Last night, we talked about the universal desire in man’s heart to leave behind a legacy, to have the story of one’s life be an inspiration to others. As we know, the greatest of stories have elements of adventure, uncertainty, romance, suffering, death, and redemption. Look at the story of Creation. From the beginning, mankind was in perfect harmony with God. Adam and Eve were in perfect communion with themselves, one another, and all of creation. But it didn’t take much for our first parents to disobey. God gave them the simple command to eat from any of the trees of the Garden of Eden except for the tree of knowledge of good and evil. Yet they listened to the voice of Satan (as we all do every time we sin) telling them that they could be like God without God – that in the end, they didn’t need God or that God wasn’t enough.
When Adam and Eve realize that they’re naked, shame comes; they feel that they now must provide for themselves and realize they are unable to do so. Every time we sin and feel that same shame, it is because we have run away from the Fulfillment of all desire. We have turned our backs on the very One that can actually satisfy the deepest longings of our hearts. And we realize the emptiness of sin and pain of disobedience. Every time we go to a party and get drunk, it is because we do not believe that God’s acceptance is enough and we are trying to escape our misery. Every time we fall into sexual sin, it is because we do not believe that God’s love is enough. The ultimate temptation is to believe that if we just have this one thing (sex, money, power, influence) then we’ll have all we need. But I can tell you from my own life experience that none of those things ever satisfies.
Soon after Adam and Eve’s original sin, Cain murders his brother Abel. A few generations later, humanity has become so wicked that God destroys most of it with a flood. With Noah, there is a new beginning, but by the time Moses is leading the Israelites away from captivity in Egypt, God’s people are living in disobedience all over again. Even the greatest king, David, committed adultery and centuries upon centuries of prophets warned against the sins of humanity. It becomes increasingly clear that God’s people need something more. The cycles of temptation and sin creates nothing but chaos and emptiness within the human heart. We needed a Savior, One who could give His life in atonement for our sins, reconcile us to the Father, and empower us to be His very Presence in the world. This is the story of God and His people.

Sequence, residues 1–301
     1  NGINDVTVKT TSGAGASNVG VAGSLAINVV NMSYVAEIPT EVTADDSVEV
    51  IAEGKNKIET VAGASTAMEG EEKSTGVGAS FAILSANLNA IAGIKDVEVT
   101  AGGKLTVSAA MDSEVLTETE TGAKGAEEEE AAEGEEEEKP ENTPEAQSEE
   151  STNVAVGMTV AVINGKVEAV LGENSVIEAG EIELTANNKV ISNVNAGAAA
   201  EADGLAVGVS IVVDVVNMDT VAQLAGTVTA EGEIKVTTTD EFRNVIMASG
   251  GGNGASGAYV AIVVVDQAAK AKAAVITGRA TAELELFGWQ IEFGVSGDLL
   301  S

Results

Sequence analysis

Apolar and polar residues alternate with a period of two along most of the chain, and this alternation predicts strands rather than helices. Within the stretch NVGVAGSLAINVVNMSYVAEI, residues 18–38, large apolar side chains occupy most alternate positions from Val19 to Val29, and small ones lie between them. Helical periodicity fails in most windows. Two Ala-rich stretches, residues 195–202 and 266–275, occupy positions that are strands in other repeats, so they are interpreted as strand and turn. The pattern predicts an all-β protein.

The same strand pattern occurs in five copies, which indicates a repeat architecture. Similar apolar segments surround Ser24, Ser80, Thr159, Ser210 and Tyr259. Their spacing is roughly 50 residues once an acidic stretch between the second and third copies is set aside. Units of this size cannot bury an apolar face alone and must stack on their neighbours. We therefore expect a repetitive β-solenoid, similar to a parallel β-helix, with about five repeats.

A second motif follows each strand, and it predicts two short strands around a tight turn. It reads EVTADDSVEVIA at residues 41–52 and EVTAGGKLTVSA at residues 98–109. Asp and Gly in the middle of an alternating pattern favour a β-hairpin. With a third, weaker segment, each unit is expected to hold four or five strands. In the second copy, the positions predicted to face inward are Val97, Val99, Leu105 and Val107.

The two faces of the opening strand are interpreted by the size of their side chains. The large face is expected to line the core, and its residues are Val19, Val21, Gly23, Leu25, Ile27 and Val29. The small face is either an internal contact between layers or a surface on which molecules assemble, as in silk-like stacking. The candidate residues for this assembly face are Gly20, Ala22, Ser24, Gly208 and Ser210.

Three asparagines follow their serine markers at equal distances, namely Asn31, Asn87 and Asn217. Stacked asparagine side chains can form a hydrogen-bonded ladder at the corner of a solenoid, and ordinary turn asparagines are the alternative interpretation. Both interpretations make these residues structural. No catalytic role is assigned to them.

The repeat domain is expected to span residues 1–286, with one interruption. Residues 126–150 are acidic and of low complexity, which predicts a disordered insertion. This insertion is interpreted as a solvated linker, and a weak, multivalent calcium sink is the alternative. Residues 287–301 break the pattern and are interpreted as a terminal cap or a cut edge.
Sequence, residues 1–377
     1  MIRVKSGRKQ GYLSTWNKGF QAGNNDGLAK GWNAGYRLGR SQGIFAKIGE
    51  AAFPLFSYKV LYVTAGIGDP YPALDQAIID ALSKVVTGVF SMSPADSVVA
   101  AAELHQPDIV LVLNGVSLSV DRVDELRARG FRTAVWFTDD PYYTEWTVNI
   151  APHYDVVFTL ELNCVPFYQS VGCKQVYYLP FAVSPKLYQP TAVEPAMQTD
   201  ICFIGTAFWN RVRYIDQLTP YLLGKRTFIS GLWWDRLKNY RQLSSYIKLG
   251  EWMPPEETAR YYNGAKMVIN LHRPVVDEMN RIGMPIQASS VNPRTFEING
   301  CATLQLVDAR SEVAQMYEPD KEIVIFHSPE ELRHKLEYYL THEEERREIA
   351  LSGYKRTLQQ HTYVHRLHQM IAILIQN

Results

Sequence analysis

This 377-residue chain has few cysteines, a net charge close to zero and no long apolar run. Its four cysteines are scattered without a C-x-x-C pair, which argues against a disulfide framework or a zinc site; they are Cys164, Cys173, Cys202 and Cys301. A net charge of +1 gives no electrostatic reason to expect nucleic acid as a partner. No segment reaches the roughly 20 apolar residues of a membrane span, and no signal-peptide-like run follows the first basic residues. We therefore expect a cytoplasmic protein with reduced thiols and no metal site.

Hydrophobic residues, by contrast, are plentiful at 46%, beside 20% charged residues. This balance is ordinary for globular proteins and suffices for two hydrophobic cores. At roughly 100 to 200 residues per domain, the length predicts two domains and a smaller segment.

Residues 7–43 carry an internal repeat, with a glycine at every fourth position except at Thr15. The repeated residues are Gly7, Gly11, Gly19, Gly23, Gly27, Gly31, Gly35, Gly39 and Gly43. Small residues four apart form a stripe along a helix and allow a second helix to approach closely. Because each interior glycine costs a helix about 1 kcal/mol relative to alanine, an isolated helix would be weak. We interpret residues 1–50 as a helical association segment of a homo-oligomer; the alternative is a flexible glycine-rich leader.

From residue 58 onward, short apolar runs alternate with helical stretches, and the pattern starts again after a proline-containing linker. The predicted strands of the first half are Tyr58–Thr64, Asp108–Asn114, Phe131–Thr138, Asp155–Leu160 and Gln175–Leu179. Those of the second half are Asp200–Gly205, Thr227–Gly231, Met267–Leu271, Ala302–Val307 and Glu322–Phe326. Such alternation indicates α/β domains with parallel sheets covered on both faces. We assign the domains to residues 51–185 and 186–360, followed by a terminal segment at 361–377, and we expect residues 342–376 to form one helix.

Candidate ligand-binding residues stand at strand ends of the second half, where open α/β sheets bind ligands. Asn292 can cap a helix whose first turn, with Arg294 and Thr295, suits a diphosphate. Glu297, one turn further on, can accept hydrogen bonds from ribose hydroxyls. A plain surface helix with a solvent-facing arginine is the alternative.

All through high school, I struggled with serious habitual sins. It took me a long time to realize that sin can only be conquered when we are faithful to the struggle, when we consistently approach Jesus in the Sacrament of Reconciliation and allow His grace to free us from our sins and give us the grace to overcome our sins (YouCat 226). Even though we are beloved sons and daughters of God from our Baptism, we often go astray and get lost. Yet our Father in Heaven waits for us with great longing. He never tires of forgiving us, of offering us His love and mercy.
Many months ago, a photograph of Pope Francis embracing a boy with cerebral palsy went viral. I have been captivated by this image ever since, so much so that I recently commissioned a friend to recreate the image as a painting on 3′x5′ canvas. I found out recently that that boy’s name is Dominic, and up until that moment in his life, he never wanted to be touched by anyone. He would even refuse the touch and affection of his parents. Yet in this moment with the Holy Father, we see the walls of his heart come crashing down, and Dominic allows himself to be lovingly embraced.
The whole of the Christian enterprise can be summed up in this – to begin and begin again. Tonight, we have an opportunity to begin again, to come humbly to Jesus in the Sacrament of Reconciliation and be forgiven and set free. Let us allow ourselves to be embraced by His mercy and love!
All of us are a part of God’s story, this epic adventure called salvation history. On this journey that began with God (at our conception) and ends with God (with our eternal reward), we all struggle to live our humanity well, to bring glory to our Father in Heaven and to seek to please Him at every moment of our lives. In the end, we our selfish, prideful, and impure, and our sins separate us from the Father. We are ultimately deserving of death. But thanks to the cross, Jesus Christ has stepped into this gap between us and the Father and brought forgiveness and atonement. And we know that healing and restoration are always only a moment away in the Sacrament of Reconciliation. The last two nights brought these truths to the surface. How can we now be strengthened along the way? Where do we turn amidst darkness and uncertainty?